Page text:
Yahoo announced yesterday plans to release its desktop search product in about a month, in early January. Yahoo's desktop search will be free and based on X1's desktop search technology
, meaning (a) it's more advanced than Google's and (b) it's not really a Yahoo product, no more than this story is about Yahoo DVD players
. Still, its another check mark Yahoo can claim, and in the current phase of the search war the emphasis is on having all the products everyone else has, so I guess its a good thing. It is also a good thing for consumers, since we get a (likely slimmed down) version of X1 for free.
MSN Desktop Search, an in-house product that integrates with the operating system, is expected sometime this month, and leaked info pointed to a powerful product
. Google Desktop Search, despite making a big splash in October
, has fallen from the public interest as better (but not free) products received major press, free publicity they owe to Google. Will we see a GDS 1.5 upgrade by February? Considering that the MSN Toolbar quickly overtook the Google Toolbar
despite not being a better product (and tied to a bad search engine), its a given that MSN Desktop Search will beat Google's if GDS doesn't see a new version.
As for Yahoo? We'll have to see how it differs from MSN and regular X1 before predictions can be made. Yahoo released a slide
comparing it to "the competition", and here's the data:
| ||Yahoo ||Competitors |
|Relevance|| Ability to pivot data by any dimension:
recency, creator, recipient, type, etc.
|Ranking only by date and relevance|
|Comprehensiveness||Ability to index 225+ data types, email attachments||5 data types, attachments not indexed|
|Freshness||V1.0 Beta: Scheduled in increments
V1.0: near real time
|Near real time|
|Presentation||Rich native user-interface
Search-as-you-type, previews, post-search actions
|Limited to HTML rendering|
So, what have we learned? More ways to search and sort data, more file types, email attachments, an interface, search-as-you-type. No real-time indexing (and don't expect the final release to be real-time, just smaller increments), no explanation of how it searches the more file types (does it list them, or can it read meta-data?), and I don't like search-as-you-type (unnecessary, slow, and annoying). Does this list make a better product than Google's? Yes and no. It's more usable, but how much more usable is unclear. It's certainly not as good as Apple's Spotlight
, and I expect MSN Desktop Search to be more similar to Spotlight than either Yahoo or Google. Of course, this info is still very vague, and the product we see in January could be the best yet, making us look at out MSN Search that we installed weeks before and consider switching.
Notice that when Yahoo says "Competitors", its clearly working off of Google's feature list. I hope this doesn't mean they're only looking to Mountain View for competition, because they'll just get clipped from behind.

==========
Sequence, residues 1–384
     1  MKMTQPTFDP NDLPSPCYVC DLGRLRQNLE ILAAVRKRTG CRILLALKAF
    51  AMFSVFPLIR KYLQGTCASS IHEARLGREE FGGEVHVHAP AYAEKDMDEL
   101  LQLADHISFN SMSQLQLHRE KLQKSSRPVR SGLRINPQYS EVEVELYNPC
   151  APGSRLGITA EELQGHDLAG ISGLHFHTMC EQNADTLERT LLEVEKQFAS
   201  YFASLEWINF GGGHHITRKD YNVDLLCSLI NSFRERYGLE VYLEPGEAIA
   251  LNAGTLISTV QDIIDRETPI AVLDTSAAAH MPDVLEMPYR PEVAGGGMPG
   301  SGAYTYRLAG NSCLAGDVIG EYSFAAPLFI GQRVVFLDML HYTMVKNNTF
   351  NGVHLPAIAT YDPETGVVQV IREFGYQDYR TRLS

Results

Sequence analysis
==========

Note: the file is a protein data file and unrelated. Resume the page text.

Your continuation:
Coverage so far:
- Like Google's desktop tool, the Yahoo product will initially make it easier to find email and files stored on the hard drive of a PC. The internet company then plans to extend the software to draw in other personal information stored on servers over the web, said Mr Weiner.
Yahoo's search tool is based on technology developed by X1, a start-up created by Bill Gross, head of internet incubator Idealab.
Mr Gross was also the architect behind GoTo.com, which later changed its name to Overture and was bought by Yahoo last year for $1.6bn. By giving advertisers a way to link their messages to relevant internet search results, Overture has been core to Yahoo's effort to create an alternative to search juggernaut Google.
- The Yahoo-branded application, available in early January, will let people search their PCs as well as the Web via Yahoo Search, but future iterations will include navigation for Yahoo's instant messenger archives, address book and free e-mail service.
- ... and Ask Jeeves Inc., which runs several online search engines, plans to unveil its
desktop offering next Wednesday.
- ... the FT, which I think (inadvertently, I am sure) broke an embargo to publish this (I have seen a demo and was planning on posting late tonight or in the morning)... (By the way, I'm told that Ask will launch its desktop search product next week, Dec. 15th, to be exact.)
UPDATE: AOL's desktop search, based on Copernic, is coming:
And AOL? The company plans its own desktop search application that is packaged as part of the new AOL browser that's in beta testing. Any AOL member can access this by signing into AOL, then using the keyword "beta" to reach the beta download area. I've just downloaded the beta but haven't had a chance to play with it. But the desktop search is powered by Copernic, another well regarded desktop search app. It was CNET's editor's choice in a recent review of desktop search apps. (Google Desktop was unrated in that review because it was too new but drew plenty of praise).Andy Beal says X1 is very slow and processor consuming, while Copernic is much easier on the system. Did Yahoo pick the wrong dance partner?